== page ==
The easily driven hull also makes it easier to tack. The boat just goes and goes; we hardly lose a knot of speed while tacking. That translates also to more sailing -- tacking to a destination upwind is a pleasant, rhythmic process without the hassle we used to have, the battle to keep up momentum, and the ever-present risk of getting into irons in light wind.

To each his own -- my own, in this case, is wanting to have the performance benefits of modern keels, even on a cruising boat.
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Old 07-04-2010, 14:05   #32
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the way that i chose a boat was to firstly look at my sailing area,it became apparent very quickly that a boat with a draught of greater than 5ft would be a liability,so that narrowed my choices down to either bilge or lifting keel,i would however consider a wind keeler with beaching legs, for our good friends who are not familiar with beaching legs,then they are generally removable telescopic aluminium poles that attach at reinforced areas and hold the boat in an up right position on the beach.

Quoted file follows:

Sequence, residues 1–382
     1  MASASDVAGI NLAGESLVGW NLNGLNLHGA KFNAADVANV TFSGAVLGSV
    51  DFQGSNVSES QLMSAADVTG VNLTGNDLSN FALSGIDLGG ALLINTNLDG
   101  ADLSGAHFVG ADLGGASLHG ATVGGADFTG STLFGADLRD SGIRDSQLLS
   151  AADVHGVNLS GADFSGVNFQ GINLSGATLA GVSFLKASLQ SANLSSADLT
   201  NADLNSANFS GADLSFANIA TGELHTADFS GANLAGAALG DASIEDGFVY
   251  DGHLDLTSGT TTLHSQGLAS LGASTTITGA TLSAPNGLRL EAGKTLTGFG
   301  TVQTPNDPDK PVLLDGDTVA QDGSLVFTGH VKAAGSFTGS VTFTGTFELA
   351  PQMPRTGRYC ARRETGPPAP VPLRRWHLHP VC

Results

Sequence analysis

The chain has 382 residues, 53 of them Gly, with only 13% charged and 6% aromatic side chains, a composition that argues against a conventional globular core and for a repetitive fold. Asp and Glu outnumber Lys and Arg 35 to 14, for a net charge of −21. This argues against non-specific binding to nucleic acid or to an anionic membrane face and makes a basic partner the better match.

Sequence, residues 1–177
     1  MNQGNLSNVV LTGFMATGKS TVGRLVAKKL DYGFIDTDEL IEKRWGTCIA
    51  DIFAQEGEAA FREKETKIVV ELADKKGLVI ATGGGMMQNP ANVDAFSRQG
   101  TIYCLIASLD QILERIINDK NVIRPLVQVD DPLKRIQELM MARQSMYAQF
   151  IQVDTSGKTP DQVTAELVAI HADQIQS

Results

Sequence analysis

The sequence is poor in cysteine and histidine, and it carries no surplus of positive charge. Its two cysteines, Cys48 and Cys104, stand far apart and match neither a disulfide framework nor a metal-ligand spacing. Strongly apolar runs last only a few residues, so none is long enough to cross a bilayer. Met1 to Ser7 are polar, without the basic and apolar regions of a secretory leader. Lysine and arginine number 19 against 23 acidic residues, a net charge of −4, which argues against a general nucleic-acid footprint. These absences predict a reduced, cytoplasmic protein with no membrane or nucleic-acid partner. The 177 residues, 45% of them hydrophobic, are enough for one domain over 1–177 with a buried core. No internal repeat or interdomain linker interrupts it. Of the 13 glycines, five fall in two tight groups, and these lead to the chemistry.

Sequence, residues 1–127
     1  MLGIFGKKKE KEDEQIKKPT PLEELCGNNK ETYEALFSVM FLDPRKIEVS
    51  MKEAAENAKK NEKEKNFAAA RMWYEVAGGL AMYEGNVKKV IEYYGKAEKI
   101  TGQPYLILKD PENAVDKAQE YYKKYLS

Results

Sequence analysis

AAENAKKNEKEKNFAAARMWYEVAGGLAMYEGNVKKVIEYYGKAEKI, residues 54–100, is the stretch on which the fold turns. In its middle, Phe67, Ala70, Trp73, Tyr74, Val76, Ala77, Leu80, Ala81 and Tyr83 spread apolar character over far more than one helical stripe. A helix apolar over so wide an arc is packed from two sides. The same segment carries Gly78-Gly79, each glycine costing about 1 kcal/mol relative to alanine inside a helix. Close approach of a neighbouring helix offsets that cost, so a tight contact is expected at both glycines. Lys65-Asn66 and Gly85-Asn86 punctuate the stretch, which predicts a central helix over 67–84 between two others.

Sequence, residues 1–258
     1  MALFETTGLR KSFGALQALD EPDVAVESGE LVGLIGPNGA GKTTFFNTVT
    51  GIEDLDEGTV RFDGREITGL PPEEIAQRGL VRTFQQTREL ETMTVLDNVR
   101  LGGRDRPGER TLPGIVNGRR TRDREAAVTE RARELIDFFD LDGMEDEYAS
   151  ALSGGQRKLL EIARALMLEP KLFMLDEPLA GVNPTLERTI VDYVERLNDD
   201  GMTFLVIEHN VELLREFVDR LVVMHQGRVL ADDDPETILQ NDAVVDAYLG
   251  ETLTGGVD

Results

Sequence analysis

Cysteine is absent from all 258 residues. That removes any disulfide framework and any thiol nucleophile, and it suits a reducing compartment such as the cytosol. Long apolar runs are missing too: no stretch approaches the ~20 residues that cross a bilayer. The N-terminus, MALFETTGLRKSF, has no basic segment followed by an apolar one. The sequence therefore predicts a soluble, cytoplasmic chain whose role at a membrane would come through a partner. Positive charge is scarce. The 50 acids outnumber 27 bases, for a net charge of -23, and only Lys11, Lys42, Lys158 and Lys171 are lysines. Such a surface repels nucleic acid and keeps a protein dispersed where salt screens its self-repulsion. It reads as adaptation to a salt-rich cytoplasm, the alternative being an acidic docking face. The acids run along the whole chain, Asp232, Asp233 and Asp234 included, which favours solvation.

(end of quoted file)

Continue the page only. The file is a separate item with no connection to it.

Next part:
if i was going to do a tour of the UK i would go for something like a trident challenger or a trident voyager and fit them with beaching legs,they are long keelers with a draught of 5ft or a wing keel boat and do the same,lifing keels also have my attention,if i could afford one id get a Kirie Feeling or if the lottery came up an Ovni,there are also other manufacturers of lifting keels but Kirie has been making them for a long time.


If your boat can take the beach,its a real bonus,you can park her up far away from the mad crowd and sleep without bouncing around.(not to be done on strong onshore winds with big swells)
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Old 07-04-2010, 14:39   #33
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Quote:
Originally Posted by forsailbyowner View Post